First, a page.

Worldwide ambivalence grows to war in Ukraine, study reveals

Worldwide ambivalence grows to war in Ukraine, study reveals
A Ukrainian woman amid the rubble. Credit: Belga

Many regions across the world are becoming increasingly ambivalent towards Russia’s invasion of Ukraine, a global study conducted by data analytics giant LexisNexis' Rule of Law Foundation has revealed. Russia is the only country in the world where the majority of the population (62%) approve of the invasion.

The survey interviewed around 16,000 people from 177 countries across the world. Data was collected in two waves, at the start of the war (February to June 2022) and from December 2022 to February 2023.

The results show that especially in Western nations, ambivalence is growing, especially in North America. In the USA, 31% of respondents are now ambivalent and 10% even support Russia's war.

Growing apathy

While the number of those in favour of the war has remained stable (10%), respondents stating their opposition to Russia’s war dropped from 71% to 58% between the start of the war and the start of 2023. Those with “no opinion” has increased from 19% to 33%.

Likewise, ambivalence is growing in Eastern Asia (25% to 38%), Eastern Europe (14% to 24%), Central America (22% to 29%), Northern Europe (8% to 15%), West Asia (17% to 23%), South Asia (33% to 39%) and South America (17% to 20%).

Credit: LexisNexis Rule of Law Foundation

“The greatest level of disapproval comes from Western Europe, as you might expect. The further east you go around the world, the greater the apathy towards the war, until you get to the Far East and nobody's really bothered about it,” explained Ian McDougall, President of the LexisNexis Rule of Law Foundation.

Credit: LexisNexis Rule of Law Foundation

Respondents most commonly answered “no opinion” due to a lack of knowledge about the war, countervailing opinions, or general disinterest. Outside Russia, support for Putin’s offensive has grown in Oceania (3% to 14%) and Southern Europe (5% to 13%).

“It’s a deteriorating level of disapproval and a big growing band in the middle. We tend not to think about the war from one week to the next anymore,” McDougall noted. “Apathy and fatigue with the issue is growing. We have to work much harder to explain to people why that high principle actually matters to them.”

McDougall likens this growing apathy to the appeasement policy of Neville Chamberlain towards Nazi Germany. Just as the former British leader said in 1938 during the Sudetenland crisis, the Ukraine crisis is to many a “quarrel in a faraway country, between people about whom we know nothing.”

In developing or authoritarian countries, where global politics is typically at the bottom of citizens’ priorities, apathy is fuelled by a general disinterest or even conflicting narratives in local media. Nearly 61% of people from Côte d'Ivoire are ambivalent, 47% in Kazakhstan, 46% in China, and 43% in Morocco.

“The information I receive every day is difficult to distinguish between true and false,” says one Chinese respondent. “Both sides are wrong and the civilian population suffers,” a Kazakh woman said.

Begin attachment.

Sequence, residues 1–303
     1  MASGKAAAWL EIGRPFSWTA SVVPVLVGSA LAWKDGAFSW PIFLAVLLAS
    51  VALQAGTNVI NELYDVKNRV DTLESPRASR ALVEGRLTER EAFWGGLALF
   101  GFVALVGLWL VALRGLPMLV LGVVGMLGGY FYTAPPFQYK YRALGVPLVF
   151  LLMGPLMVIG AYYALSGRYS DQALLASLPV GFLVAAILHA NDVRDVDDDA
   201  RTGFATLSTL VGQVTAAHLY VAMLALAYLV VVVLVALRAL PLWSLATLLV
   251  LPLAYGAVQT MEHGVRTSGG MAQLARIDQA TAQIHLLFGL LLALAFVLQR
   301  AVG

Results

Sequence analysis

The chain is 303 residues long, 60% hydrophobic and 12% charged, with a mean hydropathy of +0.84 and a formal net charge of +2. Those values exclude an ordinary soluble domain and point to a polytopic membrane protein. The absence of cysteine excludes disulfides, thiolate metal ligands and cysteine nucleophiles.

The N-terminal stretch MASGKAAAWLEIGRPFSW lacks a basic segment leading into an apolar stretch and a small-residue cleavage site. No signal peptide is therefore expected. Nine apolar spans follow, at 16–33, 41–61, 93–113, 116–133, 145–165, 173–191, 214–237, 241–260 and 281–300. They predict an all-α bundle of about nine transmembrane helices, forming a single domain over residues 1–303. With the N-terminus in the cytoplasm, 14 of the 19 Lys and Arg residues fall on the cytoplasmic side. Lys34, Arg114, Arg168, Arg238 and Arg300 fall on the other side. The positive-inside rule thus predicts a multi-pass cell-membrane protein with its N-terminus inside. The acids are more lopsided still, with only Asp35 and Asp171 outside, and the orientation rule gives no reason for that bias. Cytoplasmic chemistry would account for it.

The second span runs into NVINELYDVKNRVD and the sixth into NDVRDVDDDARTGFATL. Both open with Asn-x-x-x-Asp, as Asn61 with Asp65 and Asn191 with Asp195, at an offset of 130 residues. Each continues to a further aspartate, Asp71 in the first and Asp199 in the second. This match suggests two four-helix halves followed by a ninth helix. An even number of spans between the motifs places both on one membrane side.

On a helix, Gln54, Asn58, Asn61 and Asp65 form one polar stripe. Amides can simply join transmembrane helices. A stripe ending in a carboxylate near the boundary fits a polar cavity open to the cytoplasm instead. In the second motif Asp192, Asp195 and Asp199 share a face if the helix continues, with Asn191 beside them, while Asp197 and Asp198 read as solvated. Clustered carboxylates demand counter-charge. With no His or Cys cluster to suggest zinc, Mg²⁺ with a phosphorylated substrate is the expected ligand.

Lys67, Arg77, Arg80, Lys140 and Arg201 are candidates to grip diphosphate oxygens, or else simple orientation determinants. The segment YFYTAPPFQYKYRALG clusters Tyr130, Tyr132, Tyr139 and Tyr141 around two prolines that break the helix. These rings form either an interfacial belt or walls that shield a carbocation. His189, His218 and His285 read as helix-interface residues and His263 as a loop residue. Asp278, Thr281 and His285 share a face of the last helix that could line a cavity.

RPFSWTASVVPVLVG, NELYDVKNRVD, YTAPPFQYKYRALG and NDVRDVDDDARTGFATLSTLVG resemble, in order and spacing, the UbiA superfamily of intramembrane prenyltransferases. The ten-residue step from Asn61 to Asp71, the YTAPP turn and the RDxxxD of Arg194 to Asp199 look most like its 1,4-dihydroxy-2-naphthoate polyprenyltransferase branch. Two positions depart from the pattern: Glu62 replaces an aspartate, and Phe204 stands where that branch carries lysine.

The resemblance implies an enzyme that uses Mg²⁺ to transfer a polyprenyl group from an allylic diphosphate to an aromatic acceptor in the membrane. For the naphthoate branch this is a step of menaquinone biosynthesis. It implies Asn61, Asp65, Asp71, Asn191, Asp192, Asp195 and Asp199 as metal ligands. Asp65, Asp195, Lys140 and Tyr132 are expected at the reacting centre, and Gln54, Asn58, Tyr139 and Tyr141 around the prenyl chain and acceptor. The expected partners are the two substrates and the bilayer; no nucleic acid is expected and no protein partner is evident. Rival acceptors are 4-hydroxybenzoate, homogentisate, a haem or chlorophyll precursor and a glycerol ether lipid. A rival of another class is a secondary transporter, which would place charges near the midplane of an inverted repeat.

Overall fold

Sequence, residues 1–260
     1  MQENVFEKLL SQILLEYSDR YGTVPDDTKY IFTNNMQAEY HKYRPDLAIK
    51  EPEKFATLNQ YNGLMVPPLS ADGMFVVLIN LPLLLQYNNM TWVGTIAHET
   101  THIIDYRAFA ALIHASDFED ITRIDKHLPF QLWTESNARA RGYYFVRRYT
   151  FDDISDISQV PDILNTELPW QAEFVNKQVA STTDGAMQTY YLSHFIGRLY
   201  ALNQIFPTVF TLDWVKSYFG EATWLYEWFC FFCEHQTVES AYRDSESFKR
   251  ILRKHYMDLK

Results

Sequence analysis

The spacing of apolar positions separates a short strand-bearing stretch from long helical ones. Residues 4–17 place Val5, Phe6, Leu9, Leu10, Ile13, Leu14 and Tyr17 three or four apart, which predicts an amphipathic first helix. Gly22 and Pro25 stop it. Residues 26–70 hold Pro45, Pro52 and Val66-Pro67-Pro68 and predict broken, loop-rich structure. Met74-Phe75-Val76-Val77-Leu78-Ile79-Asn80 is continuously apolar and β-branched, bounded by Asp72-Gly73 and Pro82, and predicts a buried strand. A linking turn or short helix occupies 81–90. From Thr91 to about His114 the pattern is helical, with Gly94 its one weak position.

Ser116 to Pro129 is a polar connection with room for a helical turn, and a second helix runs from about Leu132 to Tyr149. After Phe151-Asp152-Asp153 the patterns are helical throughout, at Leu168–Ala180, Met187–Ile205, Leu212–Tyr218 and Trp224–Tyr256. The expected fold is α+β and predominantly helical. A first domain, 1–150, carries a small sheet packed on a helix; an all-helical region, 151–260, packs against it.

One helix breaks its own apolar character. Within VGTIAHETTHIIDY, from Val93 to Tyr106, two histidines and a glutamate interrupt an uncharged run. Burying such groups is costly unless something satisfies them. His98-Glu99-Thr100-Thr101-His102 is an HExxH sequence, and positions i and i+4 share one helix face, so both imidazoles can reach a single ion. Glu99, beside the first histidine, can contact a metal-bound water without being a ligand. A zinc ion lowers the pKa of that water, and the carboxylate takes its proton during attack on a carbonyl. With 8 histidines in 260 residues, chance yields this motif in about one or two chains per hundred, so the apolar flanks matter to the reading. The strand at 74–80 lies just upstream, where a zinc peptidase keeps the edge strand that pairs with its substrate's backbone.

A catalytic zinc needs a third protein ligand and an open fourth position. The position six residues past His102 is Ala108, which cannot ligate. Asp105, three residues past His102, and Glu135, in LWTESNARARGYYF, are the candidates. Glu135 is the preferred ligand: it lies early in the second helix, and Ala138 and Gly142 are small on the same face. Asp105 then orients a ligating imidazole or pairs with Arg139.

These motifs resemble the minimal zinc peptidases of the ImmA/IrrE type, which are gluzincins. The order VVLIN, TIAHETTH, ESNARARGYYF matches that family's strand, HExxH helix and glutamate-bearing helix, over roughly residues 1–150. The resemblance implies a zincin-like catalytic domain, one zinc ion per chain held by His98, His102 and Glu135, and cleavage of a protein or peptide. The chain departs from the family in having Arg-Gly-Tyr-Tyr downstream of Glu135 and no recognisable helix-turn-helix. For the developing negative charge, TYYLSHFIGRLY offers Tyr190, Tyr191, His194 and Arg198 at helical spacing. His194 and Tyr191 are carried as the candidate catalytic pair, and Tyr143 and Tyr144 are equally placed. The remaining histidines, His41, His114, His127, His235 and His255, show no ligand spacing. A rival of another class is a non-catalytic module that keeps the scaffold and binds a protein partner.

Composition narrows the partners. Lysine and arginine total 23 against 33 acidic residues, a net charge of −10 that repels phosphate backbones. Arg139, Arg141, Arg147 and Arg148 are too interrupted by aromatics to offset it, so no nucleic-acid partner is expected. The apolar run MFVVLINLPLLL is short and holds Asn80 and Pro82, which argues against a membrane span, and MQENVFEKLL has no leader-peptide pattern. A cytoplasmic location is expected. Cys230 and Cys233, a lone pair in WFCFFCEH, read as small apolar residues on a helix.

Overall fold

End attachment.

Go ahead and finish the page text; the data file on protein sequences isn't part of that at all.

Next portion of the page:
Supporting Putin

Levels of support are often highest in countries with close political ties to Russia, high levels of Russian investment, or significant media influence.

Credit: LexisNexis Rule of Law Foundation.

In India, 44% of respondents approved of the war when surveyed in recent months. There has been a significant rapprochement between the two countries over the past few years. Both members of the BRICS group and cooperate economically and militarily. India is not party to international sanctions on Russia.

“I support Indian and Russian relationship”, “They protect their country from other country”, “Russia’s stop was necessary because Ukraine was adamant with joining NATO,” Indian respondents said.

On the African continent, 30% of Kenyans are in favour of Russia’s war against Ukraine. Russia has invested heavily in media influence operations in Africa. Lots of African countries have equally suffered massive economic damages as a result of the war, encouraging polarised views.

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Yet despite regional patches of increased support for Russia’s attack, the data shows that the majority of respondents were against the war. All the same, opposition to the war is fading at an accelerating rate.

“The results show that the majority of the world outside of Russia remains disapproving of the invasion... and a growing exhaustion among many as the invasion reaches the one-year anniversary,” McDougall noted.

The LexisNexis Rule of Law Foundation “strongly condemns” the war and works to promote the rule of law across the world. The foundation also develops tools to help Ukrainians report work crimes, as well as providing free legal resources for Ukrainian lawyers and companies.

The foundation’s president states that the growing global ambivalence “reminds us that the challenge to advance the Rule of Law is not a 12 month, or 12-year project. It is a never-ending challenge to constantly remind everyone why the rule of law matters.”

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